I am being sued for credit card debt and I do not know how to defend myself. Where can I get help?

Sued for credit card debt…help!

If you have been sued for credit card debt you will need to appear in court on the date printed on the summons. If you do not attend the hearing you will lose your lawsuit by default, and you will forfeit your right to present your defense. If the creditor wins by default, not only will this appear on your credit report, they will also be allowed to pursue collections by the means decided by the court.

You may bring legal counsel to the hearing, or you can represent yourself. If you do decide to hire a lawyer make sure you understand how much they charge and get everything in writing. Even if you hire a lawyer, however, you are likely to lose your case, especially if the creditor can prove you borrowed the money and have not paid it back.

What will happen if I lose my case?

State laws vary so the actions allowed to the creditor to collect payments will vary. For instance, in some states the creditor maybe able to take nonexempt assets and force you to sell them to collect a portion of what they are owed. They also may be allowed to put a lien on certain types of possessions which will not allow you to sell them until the lien is paid.

The good news is certain items are exempt from sale and could be protected including your primary residence, furniture, clothes and tools that are necessary for your work. If you own nothing, creditors may win the lawsuit, but you still have nothing to sell and no money to pay them.

Can my wages be garnished for credit card debts?

In some states credit card companies may also garnish certain types of income, assuming they have sued you in court and won a judgment against you. There are certain types of wages, however, which may be protected from credit card garnishment. For instance, if you receive disability benefits, child support, retirement pensions, etc. this money might be protected.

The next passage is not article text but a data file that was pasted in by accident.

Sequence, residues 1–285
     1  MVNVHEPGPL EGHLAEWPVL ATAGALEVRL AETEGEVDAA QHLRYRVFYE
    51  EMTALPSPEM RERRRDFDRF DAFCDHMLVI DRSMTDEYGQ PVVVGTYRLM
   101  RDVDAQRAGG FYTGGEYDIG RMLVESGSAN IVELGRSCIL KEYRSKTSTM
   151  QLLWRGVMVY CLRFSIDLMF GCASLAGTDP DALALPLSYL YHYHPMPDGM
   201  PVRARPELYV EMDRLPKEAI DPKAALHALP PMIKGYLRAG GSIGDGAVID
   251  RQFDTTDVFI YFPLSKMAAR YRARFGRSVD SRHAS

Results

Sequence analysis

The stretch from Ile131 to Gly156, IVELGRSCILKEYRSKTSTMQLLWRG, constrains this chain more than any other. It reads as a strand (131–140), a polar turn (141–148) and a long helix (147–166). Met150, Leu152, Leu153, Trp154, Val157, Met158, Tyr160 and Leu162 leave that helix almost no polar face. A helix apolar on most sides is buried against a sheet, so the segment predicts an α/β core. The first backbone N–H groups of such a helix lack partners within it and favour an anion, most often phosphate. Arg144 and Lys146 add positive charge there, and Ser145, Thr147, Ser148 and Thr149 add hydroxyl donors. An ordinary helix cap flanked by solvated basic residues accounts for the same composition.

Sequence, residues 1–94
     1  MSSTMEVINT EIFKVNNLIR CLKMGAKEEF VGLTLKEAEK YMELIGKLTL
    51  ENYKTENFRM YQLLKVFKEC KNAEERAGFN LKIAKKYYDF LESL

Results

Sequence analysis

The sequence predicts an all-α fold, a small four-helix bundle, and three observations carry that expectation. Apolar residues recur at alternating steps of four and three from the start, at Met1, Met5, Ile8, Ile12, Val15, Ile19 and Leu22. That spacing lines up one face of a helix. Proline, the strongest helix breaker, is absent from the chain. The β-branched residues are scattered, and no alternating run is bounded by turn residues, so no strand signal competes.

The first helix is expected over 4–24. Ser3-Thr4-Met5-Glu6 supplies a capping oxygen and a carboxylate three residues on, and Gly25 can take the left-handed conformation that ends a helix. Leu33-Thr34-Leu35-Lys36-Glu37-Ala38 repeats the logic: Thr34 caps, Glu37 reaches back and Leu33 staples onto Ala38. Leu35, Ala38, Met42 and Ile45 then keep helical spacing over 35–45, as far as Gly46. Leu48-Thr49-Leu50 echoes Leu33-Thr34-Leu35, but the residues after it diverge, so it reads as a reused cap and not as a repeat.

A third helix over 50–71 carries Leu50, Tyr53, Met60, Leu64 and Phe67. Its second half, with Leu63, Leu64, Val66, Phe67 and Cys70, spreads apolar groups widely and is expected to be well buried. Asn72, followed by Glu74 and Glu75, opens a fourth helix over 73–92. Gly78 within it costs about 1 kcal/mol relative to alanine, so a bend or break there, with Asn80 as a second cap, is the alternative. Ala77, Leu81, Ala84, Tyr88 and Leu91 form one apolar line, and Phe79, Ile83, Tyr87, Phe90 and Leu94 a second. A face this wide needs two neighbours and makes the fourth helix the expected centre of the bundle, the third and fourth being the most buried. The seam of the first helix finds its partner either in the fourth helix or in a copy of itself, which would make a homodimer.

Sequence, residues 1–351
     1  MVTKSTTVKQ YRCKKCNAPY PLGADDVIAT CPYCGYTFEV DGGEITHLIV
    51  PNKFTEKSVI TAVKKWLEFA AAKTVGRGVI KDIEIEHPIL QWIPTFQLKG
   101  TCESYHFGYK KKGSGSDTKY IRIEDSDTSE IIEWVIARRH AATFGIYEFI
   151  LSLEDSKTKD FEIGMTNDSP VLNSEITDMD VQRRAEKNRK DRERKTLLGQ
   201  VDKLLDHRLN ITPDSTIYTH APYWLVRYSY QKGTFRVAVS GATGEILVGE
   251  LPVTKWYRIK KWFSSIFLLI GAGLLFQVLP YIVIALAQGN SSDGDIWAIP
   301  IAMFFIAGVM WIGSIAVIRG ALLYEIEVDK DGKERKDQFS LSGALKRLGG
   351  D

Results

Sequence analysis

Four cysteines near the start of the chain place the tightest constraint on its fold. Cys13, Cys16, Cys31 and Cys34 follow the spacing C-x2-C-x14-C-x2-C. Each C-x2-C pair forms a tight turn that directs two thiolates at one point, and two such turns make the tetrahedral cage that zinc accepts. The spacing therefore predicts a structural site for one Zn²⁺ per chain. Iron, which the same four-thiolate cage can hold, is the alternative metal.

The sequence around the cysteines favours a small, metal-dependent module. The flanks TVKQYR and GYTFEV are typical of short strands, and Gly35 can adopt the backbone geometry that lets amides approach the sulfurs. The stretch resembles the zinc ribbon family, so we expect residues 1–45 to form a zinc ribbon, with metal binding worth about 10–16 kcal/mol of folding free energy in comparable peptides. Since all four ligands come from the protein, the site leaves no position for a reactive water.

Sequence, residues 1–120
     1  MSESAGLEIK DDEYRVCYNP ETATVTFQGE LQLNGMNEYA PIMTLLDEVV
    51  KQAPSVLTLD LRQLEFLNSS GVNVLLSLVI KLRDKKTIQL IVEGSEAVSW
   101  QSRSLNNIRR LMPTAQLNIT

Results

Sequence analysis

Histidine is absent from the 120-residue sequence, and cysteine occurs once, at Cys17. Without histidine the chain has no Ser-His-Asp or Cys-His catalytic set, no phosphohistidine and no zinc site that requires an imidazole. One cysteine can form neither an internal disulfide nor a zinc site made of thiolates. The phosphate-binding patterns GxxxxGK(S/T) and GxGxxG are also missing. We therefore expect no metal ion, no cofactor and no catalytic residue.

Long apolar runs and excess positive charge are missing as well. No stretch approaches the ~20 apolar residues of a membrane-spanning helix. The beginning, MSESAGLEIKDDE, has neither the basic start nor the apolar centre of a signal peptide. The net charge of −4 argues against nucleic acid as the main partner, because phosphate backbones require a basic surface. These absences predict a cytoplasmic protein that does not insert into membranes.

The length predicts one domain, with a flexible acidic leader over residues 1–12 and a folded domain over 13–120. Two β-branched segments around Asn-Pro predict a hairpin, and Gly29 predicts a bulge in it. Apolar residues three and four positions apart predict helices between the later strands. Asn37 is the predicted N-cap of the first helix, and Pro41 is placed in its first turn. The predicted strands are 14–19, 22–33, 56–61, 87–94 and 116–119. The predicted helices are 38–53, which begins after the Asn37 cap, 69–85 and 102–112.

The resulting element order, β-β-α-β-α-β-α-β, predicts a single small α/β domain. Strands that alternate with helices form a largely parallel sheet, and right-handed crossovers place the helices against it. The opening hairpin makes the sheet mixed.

In other states, however, wage garnishments are not allowed by credit card companies at all. In Texas, for instance, wages are only garnished for child support, alimony, taxes, and student loans. You can talk to a lawyer to find out what garnishments are allowed in your state.

In general, according to Garnishmentlaws.org, "Garnishment is governed by both federal and state law. In many cases, the federal and state laws conflict – as far as what can be garnished, as well as garnishment limits – and when that happens, the law that is the most favorable to the employee prevails."

Will bankruptcy stop my wage garnishments?

Bankruptcy immediately stops garnishment of your wages for a credit card debt. But filing bankruptcy is a very serious financial decision and can have long-term financial consequences which make it difficult to borrow money at a competitive interest rate or purchase a home. Filing bankruptcy will also not stop all wage garnishments. For instance, if your wages are garnished for child support or certain types of tax debts, filing bankruptcy will not help.

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